Seminar 1: Racism, feminism and the politics of fundamentalism in Britain
Wednesday, December 5, 2018
3-5 pm Council Chambers, Senate House
Seminar Tutor: Pragna Patel, Southall Black Sisters
Pragna Patel is a founding member of the Southall Black Sisters (SBS), a non-profit service and campaigning organisation for black and ethnic minority women, with a focus on domestic violence, immigration, religious fundamentalism and racism. In 2011, The Guardian named her among the Top 100 Women: Activists and Campaigners.
This is the first of two interdisciplinary pilot seminars that draws its inspiration from the Warwick-based online peer-reviewed journal called Feminist Dissent. The module’s focus is to develop understanding of a worldwide proliferation of fundamentalist religious movements and the global rise of conservative and racist populist movements taking place in the context of the ongoing crises of capitalism and resources. The first of these seminars will focus on the politics of feminism, racism and religious fundamentalism in Britain.
The seminar is open to all University of Warwick students. Registered students will receive a certificate of participation. Places are limited.
Please register, to secure a place click here!
The seminar will take place at Warwick, but will be simultaneously attended by a live global audience of students, academics, activists and artists, who will send in their questions and comments for discussion.
Suggested readings will be uploaded shortly.
If you would like to participate remotely online please register here: https://feministdissent-webinar1.eventbrite.co.uk/
Everyday Bordering: Gender, Race and Migration in an Intersectional Perspective
Date: Wednesday 8 May 2019
Time: 2.30-4.30 pm
Venue: International Portal (R0.12, Ramphal Building)
Seminar Tutor: Professor Nira Yuval-Davis
Nira Yuval-Davis is Professor Emeritus, Honorary Director of the Research Centre on Migration, Refugees and Belonging (CMRB) at the University of East London. She has been the President of the Research Committee 05 (on Racism, Nationalism, Indigeneity and Ethnic Relations) of the International Sociological Association, founder member of Women Against Fundamentalism and the international research network on Women In Militarized Conflict Zones and has acted as a consultant for various UN and human rights organisations. Nira Yuval-Davis has won the 2018 International Sociological Association Distinguished Award for Excellence in Research and Practice. She has written widely on intersected gendered nationalisms, racisms, fundamentalisms, citizenships, identities, belonging/and everyday bordering as well as on situated intersectionality and dialogical epistemology. Among her books are Woman-Nation-State, 1989, Racialized Boundaries,1992, Unsettling Settler Societies, 1995, Gender and Nation, 1997, The Warning Signs of Fundamentalism, 2004, The Politics of Belonging: Intersectional Contestations, 2011, Women Against Fundamentalism, 2014 and Bordering (Forthcoming). Her works have been translated into more than ten languages.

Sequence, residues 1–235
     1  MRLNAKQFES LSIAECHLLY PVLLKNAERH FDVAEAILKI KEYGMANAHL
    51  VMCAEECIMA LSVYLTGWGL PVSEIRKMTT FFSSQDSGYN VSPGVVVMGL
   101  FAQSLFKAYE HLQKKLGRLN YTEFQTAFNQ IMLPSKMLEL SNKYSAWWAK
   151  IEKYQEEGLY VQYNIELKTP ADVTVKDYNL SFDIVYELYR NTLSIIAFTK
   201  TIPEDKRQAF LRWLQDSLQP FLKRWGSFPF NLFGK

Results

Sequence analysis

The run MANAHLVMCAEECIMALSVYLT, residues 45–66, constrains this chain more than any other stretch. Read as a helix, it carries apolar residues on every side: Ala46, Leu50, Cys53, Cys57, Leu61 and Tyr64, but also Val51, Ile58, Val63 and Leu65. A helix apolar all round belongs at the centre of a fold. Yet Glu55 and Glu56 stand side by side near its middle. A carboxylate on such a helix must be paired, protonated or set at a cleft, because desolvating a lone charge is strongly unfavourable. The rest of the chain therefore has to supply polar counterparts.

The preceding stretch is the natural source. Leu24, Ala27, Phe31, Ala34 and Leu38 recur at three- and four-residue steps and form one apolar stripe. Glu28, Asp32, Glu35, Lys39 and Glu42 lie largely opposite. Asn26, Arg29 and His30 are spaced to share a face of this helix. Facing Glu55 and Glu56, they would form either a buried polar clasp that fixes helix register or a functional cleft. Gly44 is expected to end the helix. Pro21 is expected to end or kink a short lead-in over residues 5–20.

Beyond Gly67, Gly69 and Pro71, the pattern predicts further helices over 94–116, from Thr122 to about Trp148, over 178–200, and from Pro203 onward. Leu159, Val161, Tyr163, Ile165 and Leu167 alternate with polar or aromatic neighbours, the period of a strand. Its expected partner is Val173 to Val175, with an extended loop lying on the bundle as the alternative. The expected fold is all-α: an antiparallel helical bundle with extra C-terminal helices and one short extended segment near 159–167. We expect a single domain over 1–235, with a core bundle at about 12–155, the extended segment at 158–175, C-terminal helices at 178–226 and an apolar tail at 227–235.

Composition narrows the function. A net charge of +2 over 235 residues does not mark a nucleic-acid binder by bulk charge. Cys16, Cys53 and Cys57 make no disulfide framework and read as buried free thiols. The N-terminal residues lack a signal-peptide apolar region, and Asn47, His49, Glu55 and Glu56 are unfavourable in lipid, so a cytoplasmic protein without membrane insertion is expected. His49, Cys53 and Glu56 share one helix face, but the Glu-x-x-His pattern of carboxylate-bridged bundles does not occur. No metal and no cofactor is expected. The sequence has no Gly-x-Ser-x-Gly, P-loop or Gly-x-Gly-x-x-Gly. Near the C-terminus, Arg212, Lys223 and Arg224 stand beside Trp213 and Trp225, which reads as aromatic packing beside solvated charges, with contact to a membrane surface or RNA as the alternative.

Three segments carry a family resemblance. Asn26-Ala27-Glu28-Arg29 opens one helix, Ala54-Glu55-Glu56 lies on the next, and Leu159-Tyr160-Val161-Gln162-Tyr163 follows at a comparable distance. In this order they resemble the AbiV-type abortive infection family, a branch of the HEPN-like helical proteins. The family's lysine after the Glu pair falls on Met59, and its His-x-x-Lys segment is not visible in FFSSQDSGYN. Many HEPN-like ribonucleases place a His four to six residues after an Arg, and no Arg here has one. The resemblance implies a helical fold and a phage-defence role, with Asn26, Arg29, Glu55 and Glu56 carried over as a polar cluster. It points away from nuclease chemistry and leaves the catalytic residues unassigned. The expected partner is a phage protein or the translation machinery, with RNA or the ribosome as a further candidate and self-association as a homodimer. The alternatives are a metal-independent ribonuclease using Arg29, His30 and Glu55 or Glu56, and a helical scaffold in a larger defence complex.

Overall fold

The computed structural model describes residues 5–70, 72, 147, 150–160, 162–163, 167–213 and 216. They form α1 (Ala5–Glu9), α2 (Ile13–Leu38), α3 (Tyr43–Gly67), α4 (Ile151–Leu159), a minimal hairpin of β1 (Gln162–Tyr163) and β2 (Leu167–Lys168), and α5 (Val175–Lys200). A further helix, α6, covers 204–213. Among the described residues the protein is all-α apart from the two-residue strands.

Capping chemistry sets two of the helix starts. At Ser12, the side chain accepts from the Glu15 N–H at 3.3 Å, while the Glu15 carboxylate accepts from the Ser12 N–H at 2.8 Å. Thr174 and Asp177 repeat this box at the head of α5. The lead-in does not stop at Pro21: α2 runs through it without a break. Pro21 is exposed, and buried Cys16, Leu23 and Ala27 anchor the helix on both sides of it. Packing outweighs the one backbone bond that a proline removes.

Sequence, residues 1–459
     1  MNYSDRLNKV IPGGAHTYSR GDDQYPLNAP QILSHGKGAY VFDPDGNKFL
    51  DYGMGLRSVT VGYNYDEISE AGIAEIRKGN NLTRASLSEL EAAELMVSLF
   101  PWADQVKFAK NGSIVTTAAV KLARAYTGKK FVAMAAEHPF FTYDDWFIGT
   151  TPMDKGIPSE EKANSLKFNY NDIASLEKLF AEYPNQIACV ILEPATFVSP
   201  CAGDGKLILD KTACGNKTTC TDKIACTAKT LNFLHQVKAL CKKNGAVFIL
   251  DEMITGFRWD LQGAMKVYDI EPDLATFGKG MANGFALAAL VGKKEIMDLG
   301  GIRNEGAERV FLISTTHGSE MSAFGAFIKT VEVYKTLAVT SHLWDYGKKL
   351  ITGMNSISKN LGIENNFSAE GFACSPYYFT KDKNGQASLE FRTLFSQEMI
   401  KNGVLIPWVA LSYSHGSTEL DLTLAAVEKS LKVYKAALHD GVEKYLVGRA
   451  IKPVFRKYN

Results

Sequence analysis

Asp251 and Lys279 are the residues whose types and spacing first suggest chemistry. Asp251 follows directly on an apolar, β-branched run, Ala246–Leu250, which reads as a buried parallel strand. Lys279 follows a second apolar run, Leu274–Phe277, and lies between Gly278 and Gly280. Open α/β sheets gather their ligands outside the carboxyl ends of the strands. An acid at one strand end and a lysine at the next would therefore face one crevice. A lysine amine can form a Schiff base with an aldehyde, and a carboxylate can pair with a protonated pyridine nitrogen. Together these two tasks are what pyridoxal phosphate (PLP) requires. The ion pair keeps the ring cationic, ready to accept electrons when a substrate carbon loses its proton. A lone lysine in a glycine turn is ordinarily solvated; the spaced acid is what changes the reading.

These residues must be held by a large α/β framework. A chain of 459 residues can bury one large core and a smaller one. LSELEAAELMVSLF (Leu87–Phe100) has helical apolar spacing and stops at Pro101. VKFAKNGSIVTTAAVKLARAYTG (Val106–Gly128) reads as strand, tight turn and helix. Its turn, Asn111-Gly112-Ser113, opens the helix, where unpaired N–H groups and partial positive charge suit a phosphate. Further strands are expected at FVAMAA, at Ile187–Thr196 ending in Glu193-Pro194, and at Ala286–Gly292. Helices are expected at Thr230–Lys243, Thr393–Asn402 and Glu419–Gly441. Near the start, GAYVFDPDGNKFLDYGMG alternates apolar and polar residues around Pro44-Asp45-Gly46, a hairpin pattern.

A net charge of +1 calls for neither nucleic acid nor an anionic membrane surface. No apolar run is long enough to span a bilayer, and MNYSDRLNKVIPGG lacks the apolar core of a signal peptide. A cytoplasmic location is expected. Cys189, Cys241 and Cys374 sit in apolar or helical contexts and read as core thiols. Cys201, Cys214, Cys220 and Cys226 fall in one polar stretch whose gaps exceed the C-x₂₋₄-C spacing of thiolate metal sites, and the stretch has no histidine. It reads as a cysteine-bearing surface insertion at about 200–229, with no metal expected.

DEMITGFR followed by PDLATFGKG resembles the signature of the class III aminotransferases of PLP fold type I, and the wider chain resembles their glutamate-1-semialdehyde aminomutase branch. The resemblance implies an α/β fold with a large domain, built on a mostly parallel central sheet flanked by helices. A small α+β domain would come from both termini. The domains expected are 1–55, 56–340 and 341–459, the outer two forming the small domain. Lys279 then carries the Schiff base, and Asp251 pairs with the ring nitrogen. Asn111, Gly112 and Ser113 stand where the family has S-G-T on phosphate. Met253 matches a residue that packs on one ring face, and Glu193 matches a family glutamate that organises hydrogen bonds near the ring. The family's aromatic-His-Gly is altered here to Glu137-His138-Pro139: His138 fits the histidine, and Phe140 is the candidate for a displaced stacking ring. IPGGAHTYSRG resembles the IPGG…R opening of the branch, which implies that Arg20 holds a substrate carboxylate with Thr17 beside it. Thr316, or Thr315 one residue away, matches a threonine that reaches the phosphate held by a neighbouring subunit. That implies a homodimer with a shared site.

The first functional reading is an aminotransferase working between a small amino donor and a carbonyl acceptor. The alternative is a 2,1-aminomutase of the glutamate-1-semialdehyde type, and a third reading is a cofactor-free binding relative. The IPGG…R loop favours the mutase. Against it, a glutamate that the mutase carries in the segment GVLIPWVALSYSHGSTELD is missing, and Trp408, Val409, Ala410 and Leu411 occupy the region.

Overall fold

The seminar explores contemporary bordering and the ways in which borders have moved from the margins into the centre of everyday lives. Connecting everyday bordering to the neo-liberal globalisation’s double crisis of governability and governmentality, the seminar links everyday bordering to the rise of the autochthonic right and to the transformation of citizenship duties, transforming citizens to unpaid untrained borderguards. It also examines the spread of grey zones and limbo spaces in and outside the borders and the ways more and more people embody borders instead of crossing them.
The seminar will use illustrative examples from empirical research which has used situated intersectionality as an epistemological and methodological approach in which ‘the truth’ can be approached via encompassing the differential situated gazes of the participants in different social encounters.